The report stated: “For HR practitioners, it will be increasingly important to understand analytics and to be able to present the findings to senior executives. In a data-driven world, organizations will establish specialist HR teams and recruit data-oriented personnel.” In that same report, Schmit highlighted a 2015 Economist Intelligence Unit survey that found 82 percent of organizations recognize the importance of talent-related data in managing recruitment, retention, and turnover, and increasingly see workforce analytics “as a critical tool to shape future business strategy.”

    That’s no secret to Ian Cook, Head of Workforce Solutions at Visier, a company that develops cloud-based applications that enable HR professionals to answer workforce strategy questions.

    “If you don’t dive into analytics, then you are increasing the likelihood that your competitor will be able to scoop up all the great talent that you need,” says Cook.

    College Recruiter has been using analytics and data for years, providing employers with specific and organized reports to help achieve their recruiting and hiring goals. Active in industry organizations and events, the team at College Recruiter helps employers identify strategies that leads to  success recruiting and hiring recent college graduates and entry-level employees.

    Remember this: Analytics aren’t just used to make decisions on executives. Forward-thinking organizations are already using analytics and data to drive campus recruiting efforts and to recruit and hire recent college graduates and entry-level job seekers. For example, Visier delivers a workforce intelligence solution that makes the management of data, the formulation of analysis, and the sharing of business insights simple. And it can be customized. If campus recruiting is important to your organization, analytics and data can be used to identify which schools deliver graduate hires that stay with the organization the longest, and that progress upward in the organization.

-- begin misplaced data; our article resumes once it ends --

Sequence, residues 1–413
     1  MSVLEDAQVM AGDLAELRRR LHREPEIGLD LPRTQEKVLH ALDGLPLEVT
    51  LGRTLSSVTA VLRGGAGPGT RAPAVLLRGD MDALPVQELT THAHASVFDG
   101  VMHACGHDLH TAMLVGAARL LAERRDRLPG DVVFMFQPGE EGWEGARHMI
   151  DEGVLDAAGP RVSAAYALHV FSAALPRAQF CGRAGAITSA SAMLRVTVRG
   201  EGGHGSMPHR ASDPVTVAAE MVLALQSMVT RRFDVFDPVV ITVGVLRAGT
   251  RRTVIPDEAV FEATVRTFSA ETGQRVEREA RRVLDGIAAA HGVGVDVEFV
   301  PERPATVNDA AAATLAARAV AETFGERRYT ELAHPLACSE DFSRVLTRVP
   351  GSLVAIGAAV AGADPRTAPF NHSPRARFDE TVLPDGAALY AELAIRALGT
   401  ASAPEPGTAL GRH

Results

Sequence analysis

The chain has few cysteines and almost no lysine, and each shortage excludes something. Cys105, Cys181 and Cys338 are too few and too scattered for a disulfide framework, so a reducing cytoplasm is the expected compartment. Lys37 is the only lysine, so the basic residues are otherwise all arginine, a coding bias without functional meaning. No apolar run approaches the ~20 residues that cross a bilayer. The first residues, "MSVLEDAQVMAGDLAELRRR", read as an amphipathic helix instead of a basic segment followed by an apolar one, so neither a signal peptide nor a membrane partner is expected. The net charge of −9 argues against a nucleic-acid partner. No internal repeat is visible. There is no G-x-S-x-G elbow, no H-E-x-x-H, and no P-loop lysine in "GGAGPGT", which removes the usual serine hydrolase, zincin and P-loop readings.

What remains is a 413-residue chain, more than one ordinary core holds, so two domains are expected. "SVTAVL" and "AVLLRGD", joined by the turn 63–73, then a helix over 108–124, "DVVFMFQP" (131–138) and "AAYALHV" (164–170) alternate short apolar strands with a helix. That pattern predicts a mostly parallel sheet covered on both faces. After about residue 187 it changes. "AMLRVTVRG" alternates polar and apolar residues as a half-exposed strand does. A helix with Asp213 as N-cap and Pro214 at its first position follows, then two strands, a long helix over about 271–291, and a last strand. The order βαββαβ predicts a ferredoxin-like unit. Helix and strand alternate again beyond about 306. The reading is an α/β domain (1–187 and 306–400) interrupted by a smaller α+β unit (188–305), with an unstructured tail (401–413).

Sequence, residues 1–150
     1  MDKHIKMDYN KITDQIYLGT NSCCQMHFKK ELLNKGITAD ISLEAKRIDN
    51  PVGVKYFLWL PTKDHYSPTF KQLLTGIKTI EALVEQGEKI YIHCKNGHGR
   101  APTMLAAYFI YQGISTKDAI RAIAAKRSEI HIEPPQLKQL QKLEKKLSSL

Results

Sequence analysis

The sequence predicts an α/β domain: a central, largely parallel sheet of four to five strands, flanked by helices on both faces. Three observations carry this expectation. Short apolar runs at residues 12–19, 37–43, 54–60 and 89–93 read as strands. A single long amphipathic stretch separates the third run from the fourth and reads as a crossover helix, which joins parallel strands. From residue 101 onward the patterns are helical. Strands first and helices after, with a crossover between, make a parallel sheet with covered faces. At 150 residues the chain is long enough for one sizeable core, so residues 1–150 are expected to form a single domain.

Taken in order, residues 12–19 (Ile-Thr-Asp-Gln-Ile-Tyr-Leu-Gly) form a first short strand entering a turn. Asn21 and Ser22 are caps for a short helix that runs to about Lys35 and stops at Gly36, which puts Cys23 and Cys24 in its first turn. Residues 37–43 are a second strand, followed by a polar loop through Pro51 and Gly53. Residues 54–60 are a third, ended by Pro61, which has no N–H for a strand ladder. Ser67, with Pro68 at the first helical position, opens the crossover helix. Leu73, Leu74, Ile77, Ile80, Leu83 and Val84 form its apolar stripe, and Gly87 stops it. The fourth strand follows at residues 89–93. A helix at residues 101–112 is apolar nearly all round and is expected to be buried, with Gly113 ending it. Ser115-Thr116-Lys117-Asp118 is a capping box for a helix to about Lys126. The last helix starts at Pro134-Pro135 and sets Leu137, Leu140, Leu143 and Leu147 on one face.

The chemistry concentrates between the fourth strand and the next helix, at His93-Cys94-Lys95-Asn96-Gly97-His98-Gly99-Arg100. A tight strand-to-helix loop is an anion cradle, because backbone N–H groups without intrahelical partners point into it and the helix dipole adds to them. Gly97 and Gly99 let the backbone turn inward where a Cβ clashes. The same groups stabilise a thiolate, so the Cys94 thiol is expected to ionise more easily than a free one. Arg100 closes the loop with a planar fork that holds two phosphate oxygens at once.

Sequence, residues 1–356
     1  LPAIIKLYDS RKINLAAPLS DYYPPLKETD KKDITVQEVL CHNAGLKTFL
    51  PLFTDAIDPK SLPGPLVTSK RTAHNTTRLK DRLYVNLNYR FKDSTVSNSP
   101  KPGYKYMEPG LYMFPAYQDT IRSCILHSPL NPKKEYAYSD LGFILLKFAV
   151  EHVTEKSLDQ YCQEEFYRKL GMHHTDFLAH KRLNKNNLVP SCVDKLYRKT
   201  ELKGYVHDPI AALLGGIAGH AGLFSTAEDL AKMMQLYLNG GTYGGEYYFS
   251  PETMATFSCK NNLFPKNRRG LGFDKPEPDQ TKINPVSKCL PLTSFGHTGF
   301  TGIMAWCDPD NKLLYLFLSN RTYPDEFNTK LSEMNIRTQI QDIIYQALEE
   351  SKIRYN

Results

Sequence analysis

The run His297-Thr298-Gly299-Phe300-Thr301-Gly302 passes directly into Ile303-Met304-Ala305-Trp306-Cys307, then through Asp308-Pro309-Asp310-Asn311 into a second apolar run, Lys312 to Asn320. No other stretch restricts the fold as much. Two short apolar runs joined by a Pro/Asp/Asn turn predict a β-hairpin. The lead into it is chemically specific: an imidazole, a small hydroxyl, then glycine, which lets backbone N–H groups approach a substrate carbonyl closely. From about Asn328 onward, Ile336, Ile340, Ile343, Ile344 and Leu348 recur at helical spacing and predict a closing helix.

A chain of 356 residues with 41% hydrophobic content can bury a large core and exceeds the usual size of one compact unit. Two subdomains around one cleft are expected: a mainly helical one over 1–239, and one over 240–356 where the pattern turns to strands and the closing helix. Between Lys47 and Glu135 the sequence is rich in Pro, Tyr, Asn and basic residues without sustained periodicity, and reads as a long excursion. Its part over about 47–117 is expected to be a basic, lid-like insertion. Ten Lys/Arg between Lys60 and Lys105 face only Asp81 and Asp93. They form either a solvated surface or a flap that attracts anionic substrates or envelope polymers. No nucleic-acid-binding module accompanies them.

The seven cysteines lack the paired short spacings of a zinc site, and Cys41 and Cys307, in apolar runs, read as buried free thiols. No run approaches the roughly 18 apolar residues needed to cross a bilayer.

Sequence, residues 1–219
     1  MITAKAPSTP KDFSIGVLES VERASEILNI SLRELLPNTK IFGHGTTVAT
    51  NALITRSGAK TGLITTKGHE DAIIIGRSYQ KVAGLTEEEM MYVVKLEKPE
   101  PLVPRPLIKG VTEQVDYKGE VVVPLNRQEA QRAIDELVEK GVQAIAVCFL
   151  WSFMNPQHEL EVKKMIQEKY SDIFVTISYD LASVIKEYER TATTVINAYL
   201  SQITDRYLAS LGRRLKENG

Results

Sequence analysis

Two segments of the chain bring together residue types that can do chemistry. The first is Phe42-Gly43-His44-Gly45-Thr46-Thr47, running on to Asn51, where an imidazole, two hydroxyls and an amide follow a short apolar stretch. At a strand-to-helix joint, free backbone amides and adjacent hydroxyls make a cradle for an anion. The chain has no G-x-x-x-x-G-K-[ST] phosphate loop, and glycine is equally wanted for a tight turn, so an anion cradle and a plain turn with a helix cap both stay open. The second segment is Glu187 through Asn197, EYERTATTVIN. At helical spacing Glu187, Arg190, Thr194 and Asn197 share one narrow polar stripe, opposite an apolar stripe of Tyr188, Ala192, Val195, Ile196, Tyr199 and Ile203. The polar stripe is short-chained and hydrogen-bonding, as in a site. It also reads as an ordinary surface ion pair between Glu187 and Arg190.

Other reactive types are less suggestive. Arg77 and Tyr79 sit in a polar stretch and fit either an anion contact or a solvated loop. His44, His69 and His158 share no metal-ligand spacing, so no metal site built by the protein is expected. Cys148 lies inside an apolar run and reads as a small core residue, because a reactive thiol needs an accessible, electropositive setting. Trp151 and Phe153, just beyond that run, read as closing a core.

“We understand that campus hiring is a unique process and have analytic content specifically related to this type of hiring,” says Cook. “We enable organizations to track the true costs of their campus work and then relate this back to the successful – and not so successful – hires that come through this channel.”

    Cook points out that it is becoming more common knowledge for employers to move away from hiring from specific schools and to instead look more broadly at the profile of the individual. Cook knows of some organizations that did a longitudinal study of the performance of their graduate hires. They found that work experience prior to and during school time, athletic achievement, and extracurricular activities, such as committees or volunteering, were more predictive of a future good hire than the specific school or the candidates grade point average (GPA).